White donor, younger donor and double lung transplant are associated with better survival in sarcoidosis patients

Oriana Salamo, Shiva Roghaee, Michael D. Schweitzer, Alejandro Mantero, Shirin Shafazand, Michael Campos, Mehdi Mirsaeidi

Research output: Contribution to journalArticlepeer-review

3 Scopus citations


Sarcoidosis commonly affects the lung. Lung transplantation (LT) is required when there is a severe and refractory involvement. We compared post-transplant survival rates of sarcoidosis patients with chronic obstructive pulmonary disease (COPD) and idiopathic pulmonary fibrosis (IPF). We also explored whether the race and age of the donor, and double lung transplant have any effect on the survival in the post transplant setting. We analyzed 9,727 adult patients with sarcoidosis, COPD, and IPF who underwent LT worldwide between 2005-2015 based on United Network for Organ Sharing (UNOS) database. Survival rates were compared with Kaplan-Meier, and risk factors were investigated by Cox-regression analysis. 469 (5%) were transplanted because of sarcoidosis, 3,688 (38%) for COPD and 5,570 (57%) for IPF. Unadjusted survival analysis showed a better post-transplant survival rate for patients with sarcoidosis (p < 0.001, Log-rank test). In Cox-regression analysis, double lung transplant and white race of the lung donor showed to have a significant survival advantage. Since double lung transplant, those who are younger and have lower Lung Allocation Score (LAS) at the time of transplant have a survival advantage, we suggest double lung transplant as the procedure of choice, especially in younger sarcoidosis subjects and with lower LAS scores.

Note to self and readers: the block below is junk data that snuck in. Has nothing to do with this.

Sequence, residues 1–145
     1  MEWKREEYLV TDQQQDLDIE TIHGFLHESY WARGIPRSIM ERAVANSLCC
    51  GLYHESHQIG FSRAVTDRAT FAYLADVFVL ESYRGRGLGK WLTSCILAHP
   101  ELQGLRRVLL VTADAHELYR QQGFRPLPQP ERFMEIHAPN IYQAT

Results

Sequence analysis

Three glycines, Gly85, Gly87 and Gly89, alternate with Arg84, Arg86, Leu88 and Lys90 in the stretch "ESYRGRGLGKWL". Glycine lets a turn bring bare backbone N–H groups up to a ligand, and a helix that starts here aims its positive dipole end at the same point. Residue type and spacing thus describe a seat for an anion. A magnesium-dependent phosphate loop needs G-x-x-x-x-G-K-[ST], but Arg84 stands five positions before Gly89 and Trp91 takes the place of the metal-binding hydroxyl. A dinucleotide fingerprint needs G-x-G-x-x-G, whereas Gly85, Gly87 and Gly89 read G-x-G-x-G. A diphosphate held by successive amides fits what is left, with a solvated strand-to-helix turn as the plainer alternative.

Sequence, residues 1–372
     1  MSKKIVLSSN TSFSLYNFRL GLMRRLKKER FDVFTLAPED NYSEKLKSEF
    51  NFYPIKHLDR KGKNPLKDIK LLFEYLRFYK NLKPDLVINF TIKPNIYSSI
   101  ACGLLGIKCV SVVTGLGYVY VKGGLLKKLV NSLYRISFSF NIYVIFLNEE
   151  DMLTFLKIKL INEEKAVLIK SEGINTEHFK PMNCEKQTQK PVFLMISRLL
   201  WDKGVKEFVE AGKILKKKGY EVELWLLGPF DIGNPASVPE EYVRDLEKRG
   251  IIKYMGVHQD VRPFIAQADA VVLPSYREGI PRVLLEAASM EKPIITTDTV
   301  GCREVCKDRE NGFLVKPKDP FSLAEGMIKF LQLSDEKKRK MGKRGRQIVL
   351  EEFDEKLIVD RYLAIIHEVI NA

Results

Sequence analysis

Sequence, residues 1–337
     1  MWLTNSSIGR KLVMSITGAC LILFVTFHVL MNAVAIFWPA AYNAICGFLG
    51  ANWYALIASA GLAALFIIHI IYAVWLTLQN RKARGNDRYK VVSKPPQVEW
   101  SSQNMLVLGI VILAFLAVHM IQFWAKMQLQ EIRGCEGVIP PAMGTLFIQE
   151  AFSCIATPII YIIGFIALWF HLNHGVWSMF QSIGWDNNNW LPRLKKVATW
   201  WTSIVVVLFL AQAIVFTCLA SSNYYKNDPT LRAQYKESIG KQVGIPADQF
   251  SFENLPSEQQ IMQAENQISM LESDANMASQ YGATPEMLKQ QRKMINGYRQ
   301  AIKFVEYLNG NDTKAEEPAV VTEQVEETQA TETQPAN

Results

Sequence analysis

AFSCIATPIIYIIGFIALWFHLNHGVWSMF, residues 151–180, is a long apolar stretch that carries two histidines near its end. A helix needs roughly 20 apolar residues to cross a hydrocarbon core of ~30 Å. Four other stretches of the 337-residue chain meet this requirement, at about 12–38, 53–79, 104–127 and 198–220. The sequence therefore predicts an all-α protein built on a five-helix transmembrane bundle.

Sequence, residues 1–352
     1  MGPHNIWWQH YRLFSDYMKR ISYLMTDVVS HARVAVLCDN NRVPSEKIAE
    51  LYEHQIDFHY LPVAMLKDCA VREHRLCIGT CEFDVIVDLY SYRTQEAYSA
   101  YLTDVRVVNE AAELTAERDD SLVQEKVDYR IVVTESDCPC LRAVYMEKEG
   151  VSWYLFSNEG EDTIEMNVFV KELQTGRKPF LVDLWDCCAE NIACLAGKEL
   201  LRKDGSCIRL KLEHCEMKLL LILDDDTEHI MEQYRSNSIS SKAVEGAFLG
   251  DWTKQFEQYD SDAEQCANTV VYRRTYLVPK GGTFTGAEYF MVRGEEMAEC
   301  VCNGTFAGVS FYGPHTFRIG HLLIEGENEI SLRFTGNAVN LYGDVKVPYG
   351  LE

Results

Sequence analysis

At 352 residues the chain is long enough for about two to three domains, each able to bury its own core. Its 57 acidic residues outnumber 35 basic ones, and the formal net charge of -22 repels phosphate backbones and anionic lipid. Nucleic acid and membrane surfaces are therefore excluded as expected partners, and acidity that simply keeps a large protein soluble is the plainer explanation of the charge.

Original languageEnglish (US)
Article number6968
JournalScientific reports
Issue number1
StatePublished - Dec 1 2018

ASJC Scopus subject areas

  • General


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